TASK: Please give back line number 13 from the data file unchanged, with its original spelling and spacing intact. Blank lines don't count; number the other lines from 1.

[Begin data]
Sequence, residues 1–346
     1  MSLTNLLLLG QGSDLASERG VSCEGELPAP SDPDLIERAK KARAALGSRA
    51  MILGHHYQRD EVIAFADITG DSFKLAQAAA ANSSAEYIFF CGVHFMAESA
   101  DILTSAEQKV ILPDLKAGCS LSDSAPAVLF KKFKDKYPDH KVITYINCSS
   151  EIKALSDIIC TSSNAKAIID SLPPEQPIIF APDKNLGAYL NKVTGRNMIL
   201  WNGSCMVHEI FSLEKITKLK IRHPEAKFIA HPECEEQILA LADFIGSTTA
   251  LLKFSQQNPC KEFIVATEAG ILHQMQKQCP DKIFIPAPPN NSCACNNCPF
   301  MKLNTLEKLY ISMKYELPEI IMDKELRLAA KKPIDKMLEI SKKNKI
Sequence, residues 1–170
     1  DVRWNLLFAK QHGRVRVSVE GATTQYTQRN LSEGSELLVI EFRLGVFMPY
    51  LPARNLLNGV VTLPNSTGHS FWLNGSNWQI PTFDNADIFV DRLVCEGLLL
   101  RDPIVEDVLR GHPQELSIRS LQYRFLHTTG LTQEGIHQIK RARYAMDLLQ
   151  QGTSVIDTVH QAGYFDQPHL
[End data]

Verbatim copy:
   151  QGTSVIDTVH QAGYFDQPHL